MSCD5: Can I Interest You in Doing a Review?

It would be hard to think of something more unfashionable than a book review, but book reviews perform a valuable service. The in-depth expertise required to tackle a demanding subject likely resides in books, but most of those looking to benefit from that expertise necessarily won’t possess the expertise required to evaluate that expertise. (Catch-22!) Book reviews can help people decide whether they’re willing to make the leap of faith necessary to rely on someone else’s expertise.

A handful of people did reviews of the fourth edition of A Manual of Style for Contract Drafting. Notable among them are this review by the Law Society Gazette and this opus by Casey Flaherty. I’m eager to have an assortment of reviews of the fifth edition, which will be available in mid-April (see this blog post).

I’m not looking for a breezy item on LinkedIn or Twitter saying “It’s great!” or “It sucks!” And I have in mind something more ambitious than a review on Amazon. (That wouldn’t even be an option initially, as the book won’t be sold on Amazon until late 2023.) MSCD5 is a big, technical book about a fundamental topic, so it would be nice to have reviewers apply some imagination and energy to the task. You could do a review that considers the strengths and weaknesses of MSCD5. (Largely out of discretion, I’ve done only one review of that sort, here.) Or you could consider MSCD5 in a broader context. (I’ve done one essay of that sort, here.) I can think of any number of angles you could explore: The role of lawyers versus people other than lawyers. The role of quality in legal work generally and contracts in particular. The role of expertise in artificial intelligence. Why the legal profession is in the grip of inertia. And so on.

I’d be interested to have reviewers from different constituencies. Students! Junior lawyers at law firms! Partners at law firms! Contract managers at companies! Lawyers at companies! Litigators! Judges! I’d also like reviewers from outside the United States.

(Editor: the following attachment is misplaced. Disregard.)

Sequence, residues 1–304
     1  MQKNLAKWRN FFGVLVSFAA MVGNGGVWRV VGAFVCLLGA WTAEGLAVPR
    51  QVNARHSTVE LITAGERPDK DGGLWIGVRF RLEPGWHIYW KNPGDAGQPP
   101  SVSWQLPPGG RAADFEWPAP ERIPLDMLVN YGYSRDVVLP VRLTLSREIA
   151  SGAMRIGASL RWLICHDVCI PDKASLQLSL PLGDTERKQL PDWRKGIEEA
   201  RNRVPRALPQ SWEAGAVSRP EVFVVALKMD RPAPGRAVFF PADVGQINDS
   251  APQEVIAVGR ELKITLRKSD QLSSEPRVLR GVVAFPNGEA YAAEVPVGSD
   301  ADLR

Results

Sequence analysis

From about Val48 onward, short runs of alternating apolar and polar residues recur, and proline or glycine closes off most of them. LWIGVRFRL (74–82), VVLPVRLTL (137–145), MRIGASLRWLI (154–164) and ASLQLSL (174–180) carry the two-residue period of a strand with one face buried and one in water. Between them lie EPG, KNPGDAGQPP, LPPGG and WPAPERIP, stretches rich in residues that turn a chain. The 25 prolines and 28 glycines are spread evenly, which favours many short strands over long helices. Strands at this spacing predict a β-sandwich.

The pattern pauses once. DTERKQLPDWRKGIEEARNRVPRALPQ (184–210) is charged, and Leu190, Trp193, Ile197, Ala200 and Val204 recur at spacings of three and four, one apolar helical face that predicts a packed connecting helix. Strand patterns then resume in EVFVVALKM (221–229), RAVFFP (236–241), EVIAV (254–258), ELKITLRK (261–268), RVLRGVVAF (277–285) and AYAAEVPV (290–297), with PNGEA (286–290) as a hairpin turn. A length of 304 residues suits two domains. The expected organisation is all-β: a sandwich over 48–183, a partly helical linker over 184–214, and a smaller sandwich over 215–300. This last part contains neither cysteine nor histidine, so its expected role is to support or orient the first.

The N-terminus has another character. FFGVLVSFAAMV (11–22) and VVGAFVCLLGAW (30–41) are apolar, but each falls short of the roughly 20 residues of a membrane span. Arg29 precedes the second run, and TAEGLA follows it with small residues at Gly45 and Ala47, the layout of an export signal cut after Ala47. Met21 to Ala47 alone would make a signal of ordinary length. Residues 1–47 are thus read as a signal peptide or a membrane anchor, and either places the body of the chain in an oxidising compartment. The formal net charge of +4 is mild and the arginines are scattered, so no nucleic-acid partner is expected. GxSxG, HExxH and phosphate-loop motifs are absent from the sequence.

You could publish a review in any number of places. Legacy media. A LinkedIn article. Your blog. A trade-group publication like the ACC Docket or WCC’s Contracting Excellence Journal. A social-media clearinghouse like Law Insider or Contract Nerds.

It’s not a condition that you say only nice things about MSCD5! If I got something wrong or could have done something better, I’d like to hear about it.

What’s in it for you? If I think you’re a likely candidate to do a review, I’d ask the American Bar Association to send you a review copy at no cost to you. The ABA has told me that if they incur the cost of sending someone a big, somewhat expensive book with the idea that they do a review, they would prefer it if the review actually materializes!

If you’re interested, please email me at, message me on LinkedIn, or DM me on Mastodon or Twitter. Give me a general idea of what you have in mind and where you propose publishing the review. (If you’re unfamiliar with my work but think you might want to use a review as an opportunity to become familiar with it, first read some of my articles and blog posts to get a sense of what I’m about.) I’d look for a sign that you take part in the marketplace of ideas, or at least are keen to do so.

About the author

Ken Adams is the leading authority on how to say clearly whatever you want to say in a contract. He’s author of A Manual of Style for Contract Drafting, and he offers online and in-person training around the world. He’s also chief content officer of LegalSifter, Inc., a company that combines artificial intelligence and expertise to assist with review of contracts.

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